Retail Redefined: Balancing Technology and Authentic Experience, Part 2
Local retailers serve a critical role in our lives as places that feed and nurture us, supply our basic needs, and contribute to the local and national economy. This interview is the second in a three-part series with my friend and mentor Jocelyn Mangan, CEO and founder of CEO and founder of Him For Her, a social impact venture aimed at accelerating diversity on corporate boards. Jocelyn serves on the boards of directors of ChowNow and Papa John’s Pizza, spent 10 years as senior vice president of product management design at OpenTable, and knows a few things about the business. (You can read part one of this series here.)
Kashyap Deorah: You and I both sold technology to small businesses. The age-old question among small business owners is, “Does this technology help me get more business? If I’m a restaurant owner, does this help me put more butts in seats and sell more steaks?” If so, it’s a buy. But anything less tangible, such as automation and efficiency tools, is usually a pass. In 2020, technology went from being an enabler to being more core in every industry. How will retailers embrace this reality of software eating the world? Are we ready for that? Is it already happening?
Jocelyn Mangan: Before the crisis we had already seen a surge in technology providers for restaurants. In some ways it made the small business owner’s job harder. Now they’re getting 10 different sales calls about 10 different products. Owners already have a busy to-do list, so choosing between 10 technologies may not be the highest priority.
I think it does come down to, “how do I get customers now and what technology is going to help me do that in the best and in the most streamlined way?” That’s going to require some sort of technology consolidation or integration. As a small independent business owner, I don’t want to choose or pay for 10 different systems. And I certainly don’t want to train my staff on them.
Everyone has to have a point-of-sale system. It’s really hard to operate a store or restaurant if you can’t sell the clothes or food. The second piece is customer acquisition. When people can’t walk by a restaurant and read a menu, they’re figuring out what to eat on their phones and computers. You’ve got to be digitally present, digitally available, and be able to deliver that food in a digital way.
I think that digital element lives with us going forward. And I actually think that the operational efficiency piece will be inherently built into those conversations.
KD: Customers want to track orders in real time, especially food. “How far away is it? Will it be fresh when it gets here?” How do you see location technology driving this automation and customer acquisition?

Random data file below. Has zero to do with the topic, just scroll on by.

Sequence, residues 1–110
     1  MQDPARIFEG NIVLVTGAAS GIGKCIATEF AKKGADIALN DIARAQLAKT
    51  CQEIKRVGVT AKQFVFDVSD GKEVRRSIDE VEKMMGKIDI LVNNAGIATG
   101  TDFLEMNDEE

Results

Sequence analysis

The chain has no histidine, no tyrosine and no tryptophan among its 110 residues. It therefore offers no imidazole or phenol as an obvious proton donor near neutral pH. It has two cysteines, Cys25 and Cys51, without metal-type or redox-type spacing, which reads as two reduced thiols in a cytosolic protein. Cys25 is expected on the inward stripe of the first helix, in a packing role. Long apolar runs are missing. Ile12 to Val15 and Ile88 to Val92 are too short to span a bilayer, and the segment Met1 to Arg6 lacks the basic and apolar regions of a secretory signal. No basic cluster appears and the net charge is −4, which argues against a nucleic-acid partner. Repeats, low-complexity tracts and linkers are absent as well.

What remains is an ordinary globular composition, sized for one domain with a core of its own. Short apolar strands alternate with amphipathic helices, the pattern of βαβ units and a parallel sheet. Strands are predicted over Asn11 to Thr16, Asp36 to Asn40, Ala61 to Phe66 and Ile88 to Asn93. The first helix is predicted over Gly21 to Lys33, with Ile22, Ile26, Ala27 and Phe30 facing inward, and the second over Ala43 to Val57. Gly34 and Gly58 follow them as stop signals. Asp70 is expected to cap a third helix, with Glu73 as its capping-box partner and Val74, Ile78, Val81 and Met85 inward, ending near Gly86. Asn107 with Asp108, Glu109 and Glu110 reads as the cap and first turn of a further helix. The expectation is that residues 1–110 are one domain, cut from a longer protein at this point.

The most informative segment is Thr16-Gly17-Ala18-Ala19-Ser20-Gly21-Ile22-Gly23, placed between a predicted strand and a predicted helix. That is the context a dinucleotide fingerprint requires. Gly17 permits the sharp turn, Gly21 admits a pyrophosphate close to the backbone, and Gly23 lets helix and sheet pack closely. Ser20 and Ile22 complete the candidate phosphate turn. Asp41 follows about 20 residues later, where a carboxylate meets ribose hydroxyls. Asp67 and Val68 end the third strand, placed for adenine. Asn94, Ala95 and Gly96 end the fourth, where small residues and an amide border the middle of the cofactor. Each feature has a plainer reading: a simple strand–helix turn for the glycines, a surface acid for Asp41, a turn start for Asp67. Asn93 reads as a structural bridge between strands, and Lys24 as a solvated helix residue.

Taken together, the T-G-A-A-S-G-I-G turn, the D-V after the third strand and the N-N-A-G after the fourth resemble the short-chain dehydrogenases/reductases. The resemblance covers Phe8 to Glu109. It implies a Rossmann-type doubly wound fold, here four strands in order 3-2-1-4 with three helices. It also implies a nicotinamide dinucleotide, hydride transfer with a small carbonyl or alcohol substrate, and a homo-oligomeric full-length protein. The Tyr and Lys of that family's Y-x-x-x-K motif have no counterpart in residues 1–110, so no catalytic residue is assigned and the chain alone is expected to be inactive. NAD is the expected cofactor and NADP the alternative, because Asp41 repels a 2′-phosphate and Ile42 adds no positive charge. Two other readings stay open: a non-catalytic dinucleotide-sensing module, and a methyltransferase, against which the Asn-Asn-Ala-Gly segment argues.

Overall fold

JM: Consumers want good food delivered in a way that tastes like it would in a restaurant, and in the quickest path possible. That’s a pretty simple desire from the consumer side, but quite difficult logistically.
Like everything in this post-pandemic world, retailers have to develop new ways to meet consumers’ needs and expectations. And thanks to Amazon.com, we’ve been trained to expect that we can get anything we want within 24 hours or less. My kids, who are eight and 10, don’t understand that we used to have to wait seven weeks for that toy that they now can get right away.
So, I do believe there's a big opportunity for delivery location technology to almost become a consumer product and experience. Translating that to food that must arrive fresh and hot and right-side up is significantly different from a plastic toy in a cardboard box.
There’s a big piece in here, which is quality vs. speed. What remains to be seen is will customers develop a brand loyalty for that more personalized experience, or will they only care that something is delivered, and delivered quickly — and how will that affect retailers’ technology investments?
In the third and final part of this series, Jocelyn and I zero in on the role of the customer — at both the beginning and the end of the value chain.
Kashyap Deorah is founder and CEO of HyperTrack, the live location cloud for deliveries, visits, and rides. Hundreds of retail, service, and e-commerce companies from every inhabited continent use HyperTrack to power operations efficiency, field productivity, customer experience, and financial payouts.
Kashyap Deorah is founder and CEO of HyperTrack, the live location cloud for deliveries, visits, and rides. Hundreds of retail, service, and ecommerce companies from every inhabited continent use HyperTrack to power operations efficiency, field productivity, customer experience, and financial payouts. Deorah is a four-time founder who previously sold companies to OpenTable and Future Group. He is also a best-selling author and investor.